Screwball art

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The Eagles vs. Green Bay were coming up in an hour, so to avoid the suspense of waiting, I headed to Vox Populi. An hour and a half later, behind schedule, I left the gallery, having had a quick love affair with the exhibit, “Screwball.”

I’m not really giving this a rave–just a big thumb up. After all, it was rather uneven and sometimes the humor was as low as you can go.

But I’ve always liked lighthearted art, and “Screwball’s” cast of both local and out-of-town artists laugh at everything, from themselves to romance and sex to poop to the self-important art world.

That last category belongs to artist Konstantin Kakanias, who takes pokes at who’s who in the art world. Worse for wearing fashion on their sleeves are Matthew Barney (shown above), Robert Smithson, Jeff Koons and la Cicciolina, Janine Antoni, Gilbert and George, Ana Mendieta and Chris Ofili, for example. As you can see from the list, Kakanias is an equal opportunity poker.

His drawings, covered with scribbles, all show his own alterego, one Mrs. Tependris, posing as each of his victims. One of my faves was Kakanias as Mrs. Tependris as Yasumasa Morimura as Vivien Leigh (as Scarlett O’Hara).

The only work that took up as much of my attention as Kakanias’ were the videos—four of them, all compelling to look at, although some of the humor made me a little queasy or just plain irritated.

Not Jim Torok’s “Lo-Tech Animation” video, which was an anti-video , with each rough cartoon action frame flashed as a slide (shown, image from “Running Man” segment). In the “Shootout Segment,” the gun slingers bleed a sea of blood as they continue standing and shooting, Blam, blam, one frame at a time. Animation and slick technology and classic story arcs all took sweet little lobs from Torok.

Matthew Suib’s “Hound’s on Fire (Abstract Aggressionism),” based on collages of Tex Avery cartoon hounds, punches the action up with a mandala-like approach to the imagery (shown left). Zen pit bull puppy imitates Jackie Chan.

John Goras’ “Chirpy” cartoon was anything but puppy love. It was love at first sight between a bird (shown right) and a (hung) horse, the atmosphere of romance supplanted eventually by twisted, heaving sex between the two. And then the dripping physicality is followed by the mismatched lovers walking off into the sunset. The two characters and the drawing were sweet and charming, but never has romantic love and its conventions taken such a beating. I had to watch the whole thing.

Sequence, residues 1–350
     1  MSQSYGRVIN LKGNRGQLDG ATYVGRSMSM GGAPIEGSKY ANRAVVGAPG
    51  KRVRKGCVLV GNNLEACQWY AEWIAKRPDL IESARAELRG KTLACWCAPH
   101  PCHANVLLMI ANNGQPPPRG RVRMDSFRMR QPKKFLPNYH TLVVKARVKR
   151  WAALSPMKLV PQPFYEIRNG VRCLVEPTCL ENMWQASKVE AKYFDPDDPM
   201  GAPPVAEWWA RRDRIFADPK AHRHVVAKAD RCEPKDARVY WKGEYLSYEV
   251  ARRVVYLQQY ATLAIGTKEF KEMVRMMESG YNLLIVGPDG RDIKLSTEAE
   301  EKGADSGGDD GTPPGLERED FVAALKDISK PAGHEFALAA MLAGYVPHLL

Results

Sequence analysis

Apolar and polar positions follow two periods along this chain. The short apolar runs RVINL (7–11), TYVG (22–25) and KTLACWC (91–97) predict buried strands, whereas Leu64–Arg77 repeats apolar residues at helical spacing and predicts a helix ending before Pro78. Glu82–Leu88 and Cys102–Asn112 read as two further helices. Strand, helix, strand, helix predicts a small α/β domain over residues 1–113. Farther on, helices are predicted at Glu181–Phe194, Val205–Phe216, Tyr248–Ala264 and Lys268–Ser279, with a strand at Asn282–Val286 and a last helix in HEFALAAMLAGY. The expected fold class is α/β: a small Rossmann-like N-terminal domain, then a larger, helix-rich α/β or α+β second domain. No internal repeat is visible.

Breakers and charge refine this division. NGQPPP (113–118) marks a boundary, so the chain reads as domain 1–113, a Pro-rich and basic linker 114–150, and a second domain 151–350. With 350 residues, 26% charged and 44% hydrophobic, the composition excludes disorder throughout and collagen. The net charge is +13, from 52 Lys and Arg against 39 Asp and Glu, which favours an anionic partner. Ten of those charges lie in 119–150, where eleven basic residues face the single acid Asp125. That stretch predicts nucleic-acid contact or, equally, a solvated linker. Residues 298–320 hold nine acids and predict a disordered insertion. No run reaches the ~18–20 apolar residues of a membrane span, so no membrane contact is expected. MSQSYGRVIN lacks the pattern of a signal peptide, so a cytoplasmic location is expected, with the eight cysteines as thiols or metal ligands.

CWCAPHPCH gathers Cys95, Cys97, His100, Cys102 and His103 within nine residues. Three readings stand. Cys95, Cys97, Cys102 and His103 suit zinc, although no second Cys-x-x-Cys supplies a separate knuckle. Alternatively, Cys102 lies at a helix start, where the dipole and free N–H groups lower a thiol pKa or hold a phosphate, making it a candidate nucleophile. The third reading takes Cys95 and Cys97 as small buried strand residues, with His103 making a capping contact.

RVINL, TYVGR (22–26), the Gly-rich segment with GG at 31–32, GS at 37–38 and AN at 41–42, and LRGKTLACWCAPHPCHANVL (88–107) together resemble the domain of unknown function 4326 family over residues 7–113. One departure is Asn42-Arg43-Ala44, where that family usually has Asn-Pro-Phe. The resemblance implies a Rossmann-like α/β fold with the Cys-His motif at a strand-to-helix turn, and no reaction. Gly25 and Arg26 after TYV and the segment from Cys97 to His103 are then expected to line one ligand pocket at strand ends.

Apparently, this film is notorious, but its Web site has been disabled. Web rumor has it banned in London. I should say so. Hurry and see it.

Not only the boys would be boys. In Tricia McLaughlin’s “Homesteading (derive style)” DVD, a charming cartoon-man and -woman build a cartoon home in a real, ultra-closeup food landscape that turns out to be on a body part that, fortunately, perhaps, is barely recognizable, but which serves as the punch line. The sound of sawing gives one pause, and the juicy food close-ups were sexy in and of themselves. The body part in that context didn’t measure up.

Type A (Adam Ames and Adam Bordwin, two very competitive guys) offered a series of five photos that showed one guy getting another to laugh with his mouth full of milk, hence the title “Spittakes #5” (shown). He got me to laugh, too, and I haven’t a clue what he was saying.

Christopher Chiappa used a similar strategy of serial photos that indicate a course of action–head monumental against the sky, mouth painfully stuffed with firecrackers, turning from facing left to facing right (shown right, “Firecrackers”). This one puzzled me. Did I miss some reference here to Mt. Rushmore or something?

As for Chiappa’s “Wiener,” a hotdog sticking out of the wall, poop and penises just don’t seem all that funny to me unless there’s something else cooking, such as when the giant horse dong in Goras’ “Chirpy” swats Chirpy over and over, thereby ringing her bell.

I was glad to see that Charley Friedman was kind to his mother (we moms have to stick together), who was gracious enough to pose for his C-Print, “Mom” (shown left).

Ketta Ioannidou’s oil on canvas portraits of Greek goddesses (shown, “Bombshell”) as skinny runway models were pretty amusing, and it was nice to be reminded that women have senses of humor, too (yup, the show had only two women out of 10 contributors).

Show curator Chris Bors offered some scary misogyny of his own in his “Pinned Down”(shown left), quoting old cartoon characters. I was informed Bors created this painting just days after his marriage! I don’t know if he’s still married.

So go and have some laughs.

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